Reviews by MaggiePeklo
“Six of Crows” by Leigh Bardugo (Fantasy)
This book is for those who love supporting the antagonists and enjoy bloody heists. Leigh Bardugo wonderfully crafts a story about six misfits from the fictional city of Ketterdam. The leader of their gang is hired by a rich politician in order to kidnap a genius from the maximum security prison. He is promised a great reward of money. The six make their hike to the prison and encounter many struggles along the way including rival gangs, law enforcement and extreme weather.
“Six of Crows” is a perfect read for Christmas break because the cold, damp settings are enough to make you shiver. Bardugo pulls at the heart strings and sends the gang on trying adventures. As a fair warning, there are some graphic scenes so read with discretion, but they only makes you support your favorite villains more. So, get some heavy blankets, a warm cup of tea and plenty of snacks to enjoy this five-star book.
“The Smell of Other People’s Houses” by Bonnie Sue-Hitchcock (Historical Fiction)
Don’t let a previous Marian summer read hold you back from reading a good book over Christmas break. “The Smell of Other People’s Houses” is a story about four teenagers trying to figure out life and what is best for them. It is a lovely read that takes the reader on an emotional roller coaster of teen pregnancy, run away brothers and friendship. Bonnie Sue-Hitchcock follows these four teenagers throughout their adventures in Alaska. The struggles with their identity lead them to conflict with parents, culture and even whales.
“The Smell of Other People’s Houses” is a great winter read. The setting of Alaska is enough to make you want to sit by the fire with a cup of hot cocoa. Sue-Hitchcock’s writing is elegant and emotional. The book is short enough to finish within two or three days. When you finish this five star book, you might want to give your family a hug.
“Illuminae” by Amie Kaufman and Jay Kristoff (Science Fiction)
Teenagers fighting corrupt governments seems to be a common story in contemporary works. However, teens fighting corrupt corporations in space is not. Authors Kaufman and Kristoff follow two teenagers, Kady and Ezra, who broke up the day their planet is invaded by BioTech: the rival corporation. Kady and Ezra are forced to work together to save their planet and potentially their galaxy against rogue devices, biochemical warfare and invading soldiers.
“Illuminae” may appear daunting in size, but the story is told through medical and governmental files, a series of interviews and video commentary. The style of writing makes it an easy read, and the twists and turns of the story are enough to keep you reading all day long.
“Anna and the French Kiss” by Stephanie Perkins (Teen Romance)
Going to college in Paris is surreal, but meeting your true love, too? Sounds too good to be true for Anna Oliphant in Stephanie Perkins’ “Anna and the French Kiss.” And in fact, it is too good to be true. Anna has a crush on a well-known classmate’s boyfriend, and she doesn’t even know French. Perkins follows the life of a college student at the School of America in Paris and brilliantly writes the light-hearted story of a girl who finds her way. “Anna and the French Kiss” is more than a love story, it is a story about a girl making a new life and having fun adventures with new friends.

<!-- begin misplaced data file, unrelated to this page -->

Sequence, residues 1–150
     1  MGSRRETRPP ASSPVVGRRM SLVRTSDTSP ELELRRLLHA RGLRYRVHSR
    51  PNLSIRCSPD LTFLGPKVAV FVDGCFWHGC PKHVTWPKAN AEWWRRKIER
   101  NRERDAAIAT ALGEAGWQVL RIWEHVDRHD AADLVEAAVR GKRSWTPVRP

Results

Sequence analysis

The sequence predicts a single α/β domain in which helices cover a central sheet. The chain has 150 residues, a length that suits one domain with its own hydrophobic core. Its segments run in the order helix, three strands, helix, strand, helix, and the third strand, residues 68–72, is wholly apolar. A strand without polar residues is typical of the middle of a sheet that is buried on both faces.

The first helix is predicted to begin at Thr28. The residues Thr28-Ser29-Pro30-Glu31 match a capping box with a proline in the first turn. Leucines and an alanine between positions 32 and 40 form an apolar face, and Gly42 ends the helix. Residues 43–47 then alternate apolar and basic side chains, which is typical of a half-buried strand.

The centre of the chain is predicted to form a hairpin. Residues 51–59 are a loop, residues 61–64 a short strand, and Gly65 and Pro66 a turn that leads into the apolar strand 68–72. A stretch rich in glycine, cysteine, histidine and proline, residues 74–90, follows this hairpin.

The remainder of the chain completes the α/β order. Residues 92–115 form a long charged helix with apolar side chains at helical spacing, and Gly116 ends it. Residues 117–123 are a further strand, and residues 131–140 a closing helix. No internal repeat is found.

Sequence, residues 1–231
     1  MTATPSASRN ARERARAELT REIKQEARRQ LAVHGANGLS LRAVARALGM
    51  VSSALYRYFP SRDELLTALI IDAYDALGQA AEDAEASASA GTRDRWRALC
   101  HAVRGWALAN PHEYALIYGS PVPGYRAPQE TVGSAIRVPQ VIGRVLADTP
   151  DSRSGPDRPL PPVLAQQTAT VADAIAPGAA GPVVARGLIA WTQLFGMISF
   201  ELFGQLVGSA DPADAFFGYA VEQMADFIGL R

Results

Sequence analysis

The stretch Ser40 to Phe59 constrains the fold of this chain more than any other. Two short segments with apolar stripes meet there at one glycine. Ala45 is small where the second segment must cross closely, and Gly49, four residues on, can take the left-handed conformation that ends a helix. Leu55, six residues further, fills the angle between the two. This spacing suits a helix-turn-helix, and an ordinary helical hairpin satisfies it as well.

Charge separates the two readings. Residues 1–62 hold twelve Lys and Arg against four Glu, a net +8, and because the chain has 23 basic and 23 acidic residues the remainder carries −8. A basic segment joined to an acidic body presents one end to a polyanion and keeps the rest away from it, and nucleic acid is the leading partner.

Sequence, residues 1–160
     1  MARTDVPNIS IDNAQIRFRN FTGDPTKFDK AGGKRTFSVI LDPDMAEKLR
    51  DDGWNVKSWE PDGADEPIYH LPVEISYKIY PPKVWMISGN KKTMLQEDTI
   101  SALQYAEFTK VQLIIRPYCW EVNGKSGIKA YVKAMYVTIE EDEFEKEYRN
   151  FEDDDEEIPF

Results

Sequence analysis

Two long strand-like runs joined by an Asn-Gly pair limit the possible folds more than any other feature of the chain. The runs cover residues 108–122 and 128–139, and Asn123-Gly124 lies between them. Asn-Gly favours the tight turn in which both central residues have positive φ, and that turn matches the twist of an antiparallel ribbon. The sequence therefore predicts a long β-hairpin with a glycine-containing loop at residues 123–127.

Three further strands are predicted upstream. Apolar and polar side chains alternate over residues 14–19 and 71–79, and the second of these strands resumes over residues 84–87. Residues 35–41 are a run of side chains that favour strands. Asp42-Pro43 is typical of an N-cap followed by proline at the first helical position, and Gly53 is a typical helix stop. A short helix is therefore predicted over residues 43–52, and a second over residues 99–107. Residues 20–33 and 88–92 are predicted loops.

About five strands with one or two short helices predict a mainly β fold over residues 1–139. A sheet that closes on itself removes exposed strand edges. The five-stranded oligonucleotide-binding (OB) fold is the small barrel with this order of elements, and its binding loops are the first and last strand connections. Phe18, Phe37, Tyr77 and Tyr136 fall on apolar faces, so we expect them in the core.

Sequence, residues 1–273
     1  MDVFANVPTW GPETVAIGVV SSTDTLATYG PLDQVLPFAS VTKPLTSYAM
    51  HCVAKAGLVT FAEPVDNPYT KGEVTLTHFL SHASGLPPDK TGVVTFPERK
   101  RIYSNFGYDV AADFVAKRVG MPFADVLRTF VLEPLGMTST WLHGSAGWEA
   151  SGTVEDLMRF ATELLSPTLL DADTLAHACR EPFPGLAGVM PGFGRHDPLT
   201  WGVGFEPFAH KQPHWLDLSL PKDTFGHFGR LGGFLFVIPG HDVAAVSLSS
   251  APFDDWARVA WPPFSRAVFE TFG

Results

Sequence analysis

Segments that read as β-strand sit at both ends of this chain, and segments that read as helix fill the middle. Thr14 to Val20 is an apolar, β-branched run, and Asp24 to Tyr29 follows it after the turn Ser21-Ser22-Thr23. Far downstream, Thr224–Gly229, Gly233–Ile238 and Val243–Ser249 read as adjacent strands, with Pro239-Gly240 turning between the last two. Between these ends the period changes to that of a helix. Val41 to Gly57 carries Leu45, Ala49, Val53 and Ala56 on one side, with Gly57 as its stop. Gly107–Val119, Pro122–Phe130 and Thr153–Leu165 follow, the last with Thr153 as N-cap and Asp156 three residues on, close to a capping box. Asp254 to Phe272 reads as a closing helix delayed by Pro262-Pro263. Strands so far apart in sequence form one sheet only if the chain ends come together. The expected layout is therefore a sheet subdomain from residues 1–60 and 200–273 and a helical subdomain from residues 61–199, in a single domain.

“Anna and the French Kiss” is a perfect book for break because it is a quick and easy read. Reading about a school in Paris will take your mind off of school even more. With the feeling of love in the air this holiday season, you are sure to fall in love with this book.
“Murder on the Orient Express” by Agatha Christie (Murder Mystery)
Agatha Christie is dubbed the queen of mystery, and “Murder on the Orient Express” is sure to leave you hanging on until the end. Hercule Poirot is back to solve an intense, unexpected murder of a vulgar American businessman, Ratchett, on the Orient Express. The murder happens the night the train stops due to a snow barrier, and it must be solved before the authorities arrive to prevent everyone’s arrest. With the clues of a pipe cleaner being left on the scene, several stab wounds— some given after the time of death— and the woman wearing the red kimono, Poirot is given the job to solve the mystery. Many people are suspects, but Poirot has to narrow it down. Or does he even have to?
“Murder on the Orient Express” is a book you’ll want to read over break, especially if you just finished Death on the Nile in Composition and Literature. The scenery of a snowy, blizzardy night will make you want to cozy up by the fire with a cup of coffee. Agatha Christie wonderfully writes a mystery you’re going to want to solve.
These books and more are available at the Haddix Academic Center for check out. See Librarian Mrs. Molly Raabe or Paraprofessional Mrs. Karen Coolidge for book advice and recommendations.